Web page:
The role of parent is challenging in so many ways. We are all busy providing for our children’s health, safety, growth and development. We make sure we protect our lives, our income and our major possessions.
There are other ways we can protect our children from some of the more unfortunate things that may happen. It’s worth taking time to consider the option of Children’s insurance and the need to appoint a guardian.
Many people do not regard Children’s insurance as important as children are not generating income. However, the impact of illness, a major accident or the death of a child can have profound financial, as well as emotional impacts on parents and other members of the family. Children’s Insurance can provide financial support should the unforeseen happen to your child and most importantly takes away the financial stress, to provide choices to aid in your child’s recovery. It can also be used as a form of saving for higher education and as a way of ensuring your child’s future insurability
This is a complex issue and not easily discussed in generalities. Your financial professional can help you determine whether life insurance for your child should be part of your overall financial plan.
The issue of appointing a Guardian is far more straightforward. The guardians’ role is to ensure that the children are adequately housed, clothed and educated. Anyone who has young children should appoint a guardian to take care of them should you pass away prematurely.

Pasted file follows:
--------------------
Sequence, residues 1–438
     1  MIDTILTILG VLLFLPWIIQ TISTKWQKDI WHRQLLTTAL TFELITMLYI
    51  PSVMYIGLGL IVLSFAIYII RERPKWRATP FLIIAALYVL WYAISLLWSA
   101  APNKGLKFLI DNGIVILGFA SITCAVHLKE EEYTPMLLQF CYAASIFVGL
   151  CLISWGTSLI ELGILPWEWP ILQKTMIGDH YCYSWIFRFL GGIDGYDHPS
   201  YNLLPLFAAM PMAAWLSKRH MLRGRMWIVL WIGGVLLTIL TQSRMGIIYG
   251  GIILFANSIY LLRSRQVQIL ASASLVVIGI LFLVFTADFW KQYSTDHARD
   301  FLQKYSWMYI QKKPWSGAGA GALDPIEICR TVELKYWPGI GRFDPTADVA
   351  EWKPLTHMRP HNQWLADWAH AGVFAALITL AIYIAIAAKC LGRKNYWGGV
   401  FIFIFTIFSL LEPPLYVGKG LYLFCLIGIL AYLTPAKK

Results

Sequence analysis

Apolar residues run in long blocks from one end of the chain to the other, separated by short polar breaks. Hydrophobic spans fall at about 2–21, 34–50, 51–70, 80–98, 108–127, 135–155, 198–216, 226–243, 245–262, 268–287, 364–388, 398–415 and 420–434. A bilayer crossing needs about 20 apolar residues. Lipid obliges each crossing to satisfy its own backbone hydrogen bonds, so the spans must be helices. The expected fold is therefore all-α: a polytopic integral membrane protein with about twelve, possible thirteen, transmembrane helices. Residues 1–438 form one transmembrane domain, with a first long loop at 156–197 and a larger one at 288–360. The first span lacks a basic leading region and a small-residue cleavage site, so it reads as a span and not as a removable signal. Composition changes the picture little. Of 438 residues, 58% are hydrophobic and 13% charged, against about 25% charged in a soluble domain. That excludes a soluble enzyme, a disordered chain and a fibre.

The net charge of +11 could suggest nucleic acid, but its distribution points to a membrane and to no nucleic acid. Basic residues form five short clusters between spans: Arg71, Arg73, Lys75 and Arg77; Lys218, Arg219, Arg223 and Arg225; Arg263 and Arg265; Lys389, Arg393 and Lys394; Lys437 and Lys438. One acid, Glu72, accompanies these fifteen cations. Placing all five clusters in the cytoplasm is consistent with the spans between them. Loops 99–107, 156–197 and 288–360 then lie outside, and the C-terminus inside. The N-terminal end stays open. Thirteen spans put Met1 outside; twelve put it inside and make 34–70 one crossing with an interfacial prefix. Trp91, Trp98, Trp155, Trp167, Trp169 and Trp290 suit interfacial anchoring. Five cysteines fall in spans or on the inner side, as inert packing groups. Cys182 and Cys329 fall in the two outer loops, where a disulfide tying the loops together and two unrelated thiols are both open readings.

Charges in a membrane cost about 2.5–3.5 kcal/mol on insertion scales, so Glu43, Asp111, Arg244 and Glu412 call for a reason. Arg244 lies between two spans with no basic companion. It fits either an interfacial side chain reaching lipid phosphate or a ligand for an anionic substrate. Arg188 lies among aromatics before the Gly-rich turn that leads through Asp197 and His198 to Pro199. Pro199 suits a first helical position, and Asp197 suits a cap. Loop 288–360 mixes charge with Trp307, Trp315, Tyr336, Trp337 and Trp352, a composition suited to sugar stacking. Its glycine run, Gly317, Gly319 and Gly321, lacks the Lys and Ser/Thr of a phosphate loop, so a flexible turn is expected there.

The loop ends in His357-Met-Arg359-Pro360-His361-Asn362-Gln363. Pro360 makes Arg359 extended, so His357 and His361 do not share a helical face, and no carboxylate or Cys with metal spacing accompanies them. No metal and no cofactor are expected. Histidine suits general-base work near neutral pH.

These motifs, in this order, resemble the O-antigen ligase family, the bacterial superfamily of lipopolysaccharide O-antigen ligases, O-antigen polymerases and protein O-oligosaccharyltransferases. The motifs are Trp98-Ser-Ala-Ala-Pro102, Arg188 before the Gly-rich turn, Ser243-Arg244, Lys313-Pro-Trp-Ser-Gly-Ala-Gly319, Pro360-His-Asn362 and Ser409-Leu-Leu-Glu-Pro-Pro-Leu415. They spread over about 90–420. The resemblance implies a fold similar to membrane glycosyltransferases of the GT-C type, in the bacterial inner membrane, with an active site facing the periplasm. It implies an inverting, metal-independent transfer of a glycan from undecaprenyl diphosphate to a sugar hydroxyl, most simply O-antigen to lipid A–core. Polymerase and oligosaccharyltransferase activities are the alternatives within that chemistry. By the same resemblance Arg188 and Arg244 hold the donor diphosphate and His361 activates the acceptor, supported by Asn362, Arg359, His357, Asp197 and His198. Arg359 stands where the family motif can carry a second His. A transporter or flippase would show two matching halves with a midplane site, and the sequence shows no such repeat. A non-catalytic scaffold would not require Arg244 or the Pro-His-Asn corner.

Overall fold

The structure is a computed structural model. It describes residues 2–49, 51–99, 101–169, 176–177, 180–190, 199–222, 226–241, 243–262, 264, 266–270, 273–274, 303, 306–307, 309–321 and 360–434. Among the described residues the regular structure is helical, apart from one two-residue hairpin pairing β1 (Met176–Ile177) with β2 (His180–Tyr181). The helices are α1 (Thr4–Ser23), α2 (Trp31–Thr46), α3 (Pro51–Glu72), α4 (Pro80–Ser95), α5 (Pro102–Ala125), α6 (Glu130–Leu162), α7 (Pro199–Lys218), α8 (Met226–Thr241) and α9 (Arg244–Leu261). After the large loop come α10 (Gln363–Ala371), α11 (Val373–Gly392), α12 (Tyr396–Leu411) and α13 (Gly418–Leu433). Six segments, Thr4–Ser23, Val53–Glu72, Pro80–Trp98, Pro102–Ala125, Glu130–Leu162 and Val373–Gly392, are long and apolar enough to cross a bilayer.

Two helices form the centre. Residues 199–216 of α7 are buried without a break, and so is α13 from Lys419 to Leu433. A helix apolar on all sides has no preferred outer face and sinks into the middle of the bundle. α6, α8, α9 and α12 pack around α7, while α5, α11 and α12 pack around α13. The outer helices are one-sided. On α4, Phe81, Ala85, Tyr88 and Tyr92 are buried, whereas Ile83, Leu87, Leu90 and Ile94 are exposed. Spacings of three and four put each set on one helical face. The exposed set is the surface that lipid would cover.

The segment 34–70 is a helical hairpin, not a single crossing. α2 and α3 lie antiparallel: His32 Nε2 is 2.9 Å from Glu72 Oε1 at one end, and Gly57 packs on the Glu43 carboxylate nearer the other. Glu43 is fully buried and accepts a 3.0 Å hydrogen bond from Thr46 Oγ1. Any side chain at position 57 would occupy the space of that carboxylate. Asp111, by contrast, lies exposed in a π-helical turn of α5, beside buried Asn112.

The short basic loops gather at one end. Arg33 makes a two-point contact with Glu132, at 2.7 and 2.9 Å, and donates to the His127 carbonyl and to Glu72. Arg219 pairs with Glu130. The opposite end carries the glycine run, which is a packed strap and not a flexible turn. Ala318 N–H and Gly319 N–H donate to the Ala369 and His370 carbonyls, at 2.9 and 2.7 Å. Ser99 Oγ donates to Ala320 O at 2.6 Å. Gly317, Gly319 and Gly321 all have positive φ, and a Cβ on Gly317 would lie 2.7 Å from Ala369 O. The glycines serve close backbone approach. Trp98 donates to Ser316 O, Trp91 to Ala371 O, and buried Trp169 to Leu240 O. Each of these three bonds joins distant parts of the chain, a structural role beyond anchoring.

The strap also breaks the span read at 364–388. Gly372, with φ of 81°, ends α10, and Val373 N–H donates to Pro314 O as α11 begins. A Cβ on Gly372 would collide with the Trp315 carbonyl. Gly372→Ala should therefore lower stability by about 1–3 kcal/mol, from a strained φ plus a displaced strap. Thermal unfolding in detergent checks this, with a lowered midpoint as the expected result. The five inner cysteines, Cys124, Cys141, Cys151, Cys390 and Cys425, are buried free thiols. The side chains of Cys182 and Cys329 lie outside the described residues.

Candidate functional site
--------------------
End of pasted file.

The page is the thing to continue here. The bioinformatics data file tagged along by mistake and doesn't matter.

You can do this by establishing an enduring guardianship. This enables you to appoint a substitute decision maker to make personal, health or lifestyle decisions in the event that you are unable to make your own decisions.
An enduring guardian can only be appointed while you have capacity. Capacity means that you have the ability to make decisions for yourself.
If you have not appointed an enduring guardian, anyone who has a genuine concern for your wellbeing can apply to a government tribunal to appoint a guardian. The tribunal will hold a guardianship hearing and where possible appoint a family member or friend as a guardian. This can be a stressful process for family members.
If there is no one suitable to be appointed as guardian or where there is significant conflict over who should be appointed as guardian, the tribunal can appoint a Public Guardian. The Public Guardian will then make decisions for you regarding matters such as accommodation, medical treatment and dental treatment.
Most people would prefer to choose their own decision-maker. By choosing your own decision maker, you can select someone who knows you well and who can take into account your thoughts and opinions, both past and present.
This is an important part of your financial planning process. Why not consult your financial adviser and other appropriate professionals to ensure the future needs of you and your family are planned?